How to Count Carbs for Diabetes Management
Most of my clients with diabetes count carbs to help manage their blood sugar levels. It’s one of many tools to help them with meal planning.
What is carb counting?
With carb counting, you estimate the amount of carbohydrate in your food with the goal of staying within a predetermined range or allowance for each meal and snack.
Carb counting does NOT mean avoiding carbohydrates. It does NOT mean that carbs are bad. Carbohydrates are a nutrient. They are not a type of food. And many, many health-boosting, disease-fighting foods are rich in carbohydrates. Think fruit, quinoa, yogurt, milk, vegetables, black beans, chickpeas, limas, brown rice and a million more!
The beauty of carb counting is that it gives you tons of flexibility. You can choose your carbohydrates from any type of food. This is also the downfall of carb counting. I sure don’t want you to focus on carb counts without paying attention to nutrition. This is just like limiting calories to lose weight, but favoring veggie chips and diet pudding over the foods your body really needs like fruit, nuts and salmon.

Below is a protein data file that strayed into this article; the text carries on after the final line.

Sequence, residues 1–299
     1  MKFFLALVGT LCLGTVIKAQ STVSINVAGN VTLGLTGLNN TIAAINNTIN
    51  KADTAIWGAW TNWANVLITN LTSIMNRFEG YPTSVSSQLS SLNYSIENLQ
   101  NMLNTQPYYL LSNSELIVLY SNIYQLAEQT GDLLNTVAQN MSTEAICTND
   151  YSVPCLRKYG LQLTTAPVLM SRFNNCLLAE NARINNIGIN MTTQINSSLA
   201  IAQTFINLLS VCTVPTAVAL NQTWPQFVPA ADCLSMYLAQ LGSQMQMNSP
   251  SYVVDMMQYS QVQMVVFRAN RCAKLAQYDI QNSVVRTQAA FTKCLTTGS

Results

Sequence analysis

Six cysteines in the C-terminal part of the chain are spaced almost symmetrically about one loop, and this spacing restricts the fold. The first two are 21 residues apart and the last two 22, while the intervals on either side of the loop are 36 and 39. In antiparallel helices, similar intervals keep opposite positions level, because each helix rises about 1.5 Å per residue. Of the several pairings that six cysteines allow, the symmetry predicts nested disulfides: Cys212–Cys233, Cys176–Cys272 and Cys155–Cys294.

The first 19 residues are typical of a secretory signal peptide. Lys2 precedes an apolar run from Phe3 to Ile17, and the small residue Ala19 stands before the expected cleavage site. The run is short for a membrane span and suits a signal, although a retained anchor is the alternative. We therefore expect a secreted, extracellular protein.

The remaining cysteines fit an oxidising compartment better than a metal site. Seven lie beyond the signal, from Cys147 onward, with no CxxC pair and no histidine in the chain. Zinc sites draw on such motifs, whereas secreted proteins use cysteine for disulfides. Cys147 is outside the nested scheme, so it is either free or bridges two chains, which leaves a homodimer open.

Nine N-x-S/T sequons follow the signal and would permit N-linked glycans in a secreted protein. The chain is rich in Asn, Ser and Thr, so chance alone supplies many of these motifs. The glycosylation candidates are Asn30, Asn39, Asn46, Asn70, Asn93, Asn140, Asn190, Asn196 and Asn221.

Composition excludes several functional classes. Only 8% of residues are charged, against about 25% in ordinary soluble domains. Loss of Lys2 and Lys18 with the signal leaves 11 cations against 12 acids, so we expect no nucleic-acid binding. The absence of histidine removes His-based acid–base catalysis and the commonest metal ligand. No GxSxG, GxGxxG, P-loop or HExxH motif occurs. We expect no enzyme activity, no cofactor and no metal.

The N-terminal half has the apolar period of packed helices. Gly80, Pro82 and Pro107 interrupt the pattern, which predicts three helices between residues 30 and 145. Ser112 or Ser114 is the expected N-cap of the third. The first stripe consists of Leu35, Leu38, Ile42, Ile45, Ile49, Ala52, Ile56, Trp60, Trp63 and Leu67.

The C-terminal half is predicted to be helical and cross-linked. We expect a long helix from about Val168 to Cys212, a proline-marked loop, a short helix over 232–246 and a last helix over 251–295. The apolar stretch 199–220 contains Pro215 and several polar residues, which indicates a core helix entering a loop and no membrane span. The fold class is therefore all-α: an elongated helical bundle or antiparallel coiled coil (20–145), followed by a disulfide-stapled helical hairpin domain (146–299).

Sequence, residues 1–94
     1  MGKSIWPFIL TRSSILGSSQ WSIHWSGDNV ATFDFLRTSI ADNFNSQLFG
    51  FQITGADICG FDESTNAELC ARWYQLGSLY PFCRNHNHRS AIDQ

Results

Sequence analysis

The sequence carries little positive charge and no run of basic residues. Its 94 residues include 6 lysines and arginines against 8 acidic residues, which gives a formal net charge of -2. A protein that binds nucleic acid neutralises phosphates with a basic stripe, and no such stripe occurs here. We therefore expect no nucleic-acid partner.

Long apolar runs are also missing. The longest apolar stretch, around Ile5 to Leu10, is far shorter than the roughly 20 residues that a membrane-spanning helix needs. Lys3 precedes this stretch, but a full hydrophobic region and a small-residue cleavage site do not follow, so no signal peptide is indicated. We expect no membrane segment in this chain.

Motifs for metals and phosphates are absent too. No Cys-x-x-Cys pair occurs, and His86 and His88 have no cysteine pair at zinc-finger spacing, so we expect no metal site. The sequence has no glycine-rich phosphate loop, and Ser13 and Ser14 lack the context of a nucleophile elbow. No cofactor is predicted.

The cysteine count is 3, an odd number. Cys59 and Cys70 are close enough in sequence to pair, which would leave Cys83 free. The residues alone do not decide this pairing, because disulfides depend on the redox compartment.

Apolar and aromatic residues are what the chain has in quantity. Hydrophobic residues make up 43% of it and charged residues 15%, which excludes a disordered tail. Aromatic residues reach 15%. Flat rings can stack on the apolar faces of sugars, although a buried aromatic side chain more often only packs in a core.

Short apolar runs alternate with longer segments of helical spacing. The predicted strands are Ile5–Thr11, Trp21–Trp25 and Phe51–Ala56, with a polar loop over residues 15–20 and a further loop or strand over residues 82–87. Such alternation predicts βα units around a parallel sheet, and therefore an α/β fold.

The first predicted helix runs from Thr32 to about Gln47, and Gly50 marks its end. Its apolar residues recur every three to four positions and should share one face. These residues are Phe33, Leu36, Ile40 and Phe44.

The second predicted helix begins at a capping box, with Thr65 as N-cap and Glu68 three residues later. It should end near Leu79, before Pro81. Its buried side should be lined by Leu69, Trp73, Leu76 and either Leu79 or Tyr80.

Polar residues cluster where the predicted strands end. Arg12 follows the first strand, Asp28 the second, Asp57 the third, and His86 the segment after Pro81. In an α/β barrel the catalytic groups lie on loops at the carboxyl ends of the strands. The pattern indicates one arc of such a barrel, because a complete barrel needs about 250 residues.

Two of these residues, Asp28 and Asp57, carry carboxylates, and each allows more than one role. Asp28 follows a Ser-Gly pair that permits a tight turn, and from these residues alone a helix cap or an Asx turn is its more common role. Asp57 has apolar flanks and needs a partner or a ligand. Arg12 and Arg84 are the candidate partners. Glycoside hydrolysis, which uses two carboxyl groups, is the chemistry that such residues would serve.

Why is it a good idea to count carbs?
Don’t avoid carbs. Count them!
Eating a lot of carbohydrate at one time raises blood sugar a lot, and eating just a little carbohydrate, raises blood sugar less. Many people with diabetes aim for about 45 – 60 grams of carbohydrate per meal and 15 grams or so per snack, but the amount that’s right for you may be more or less. And that depends on your medications, activity level, blood sugar goals and other things. I like to look at my patients’ food records a Continue reading